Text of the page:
A woman in her 60s with a history of hypertension presented to the emergency department with sudden-onset chest pain. She had no history of any acute febrile illness or family history of sudden cardiac death. She was tachycardic with a pulse of 120 beats/min. Her blood pressure was normal. Her white blood cell count was 14 300/µL (normal range: 3500-9500/µL; to convert to ×109/L, multiply by 0.001), while the serum calcium concentration was within the normal limits. High-sensitivity troponin I level was 1.15 ng/mL (normal range: <0.015 ng/mL; to convert to μg/L, multiply by 1.0), and the brain-type natriuretic peptide level was 1060.30 pg/mL (normal range: 0-100 pg/mL; to convert to ng/L, multiply by 1.0). Her admission electrocardiogram (ECG) is shown in the Figure, A.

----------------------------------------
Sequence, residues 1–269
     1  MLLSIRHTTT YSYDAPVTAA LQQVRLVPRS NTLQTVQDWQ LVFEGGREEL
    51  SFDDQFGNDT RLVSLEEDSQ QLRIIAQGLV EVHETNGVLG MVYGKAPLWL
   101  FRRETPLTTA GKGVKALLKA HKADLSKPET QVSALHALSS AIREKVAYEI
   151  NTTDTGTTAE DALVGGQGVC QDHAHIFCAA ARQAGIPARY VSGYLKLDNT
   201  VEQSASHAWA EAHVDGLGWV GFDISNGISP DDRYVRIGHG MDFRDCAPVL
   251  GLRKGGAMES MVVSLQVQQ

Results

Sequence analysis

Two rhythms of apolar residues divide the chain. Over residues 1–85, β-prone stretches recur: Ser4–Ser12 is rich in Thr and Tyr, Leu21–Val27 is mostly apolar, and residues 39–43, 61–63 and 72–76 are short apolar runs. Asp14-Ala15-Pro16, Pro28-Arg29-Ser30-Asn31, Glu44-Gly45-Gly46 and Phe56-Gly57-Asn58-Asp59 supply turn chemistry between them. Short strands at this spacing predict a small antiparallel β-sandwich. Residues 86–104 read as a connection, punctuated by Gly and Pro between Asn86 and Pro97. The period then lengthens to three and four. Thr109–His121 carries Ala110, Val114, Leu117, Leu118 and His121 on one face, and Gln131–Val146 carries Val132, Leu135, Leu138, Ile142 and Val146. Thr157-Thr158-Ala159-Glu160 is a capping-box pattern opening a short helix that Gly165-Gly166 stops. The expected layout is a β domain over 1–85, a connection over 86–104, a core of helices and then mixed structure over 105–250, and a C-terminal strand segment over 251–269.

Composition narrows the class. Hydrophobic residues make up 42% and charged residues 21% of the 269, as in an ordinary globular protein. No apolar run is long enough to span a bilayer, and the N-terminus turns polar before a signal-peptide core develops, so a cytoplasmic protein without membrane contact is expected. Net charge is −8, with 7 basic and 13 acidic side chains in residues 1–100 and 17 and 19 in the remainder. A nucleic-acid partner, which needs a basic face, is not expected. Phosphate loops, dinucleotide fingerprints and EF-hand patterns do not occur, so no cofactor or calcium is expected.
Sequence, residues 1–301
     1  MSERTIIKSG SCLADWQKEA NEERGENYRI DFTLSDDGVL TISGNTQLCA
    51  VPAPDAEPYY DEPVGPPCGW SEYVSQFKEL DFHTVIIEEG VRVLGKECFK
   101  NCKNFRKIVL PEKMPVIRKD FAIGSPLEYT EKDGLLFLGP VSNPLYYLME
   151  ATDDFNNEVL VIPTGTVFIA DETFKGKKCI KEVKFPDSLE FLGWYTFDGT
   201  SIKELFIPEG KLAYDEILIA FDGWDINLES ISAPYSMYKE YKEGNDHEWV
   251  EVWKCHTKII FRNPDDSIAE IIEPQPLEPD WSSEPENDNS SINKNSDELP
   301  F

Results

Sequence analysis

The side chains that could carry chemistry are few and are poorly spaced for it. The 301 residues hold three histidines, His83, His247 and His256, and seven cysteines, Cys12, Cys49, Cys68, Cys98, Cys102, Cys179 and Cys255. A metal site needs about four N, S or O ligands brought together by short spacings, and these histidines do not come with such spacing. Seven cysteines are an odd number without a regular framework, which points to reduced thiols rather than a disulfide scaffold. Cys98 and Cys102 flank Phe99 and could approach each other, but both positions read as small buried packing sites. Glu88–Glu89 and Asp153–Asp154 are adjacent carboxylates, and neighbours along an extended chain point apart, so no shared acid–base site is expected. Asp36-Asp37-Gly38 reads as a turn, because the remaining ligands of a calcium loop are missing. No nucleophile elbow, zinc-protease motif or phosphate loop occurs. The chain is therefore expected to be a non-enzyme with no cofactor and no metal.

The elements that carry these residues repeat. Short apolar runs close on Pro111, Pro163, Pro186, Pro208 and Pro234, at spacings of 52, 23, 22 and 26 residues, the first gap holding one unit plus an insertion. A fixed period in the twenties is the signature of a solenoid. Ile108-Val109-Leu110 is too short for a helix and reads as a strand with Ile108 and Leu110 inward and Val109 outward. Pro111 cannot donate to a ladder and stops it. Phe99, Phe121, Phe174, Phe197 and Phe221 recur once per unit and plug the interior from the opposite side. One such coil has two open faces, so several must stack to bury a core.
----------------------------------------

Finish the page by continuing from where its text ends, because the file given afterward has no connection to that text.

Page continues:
Zhang C, Li T. ST-Segment Elevation Myocardial Infarction Mimic: Unearthing the Hidden Truth. JAMA Intern Med. 2021;181(11):1509–1510. doi:10.1001/jamainternmed.2021.4427
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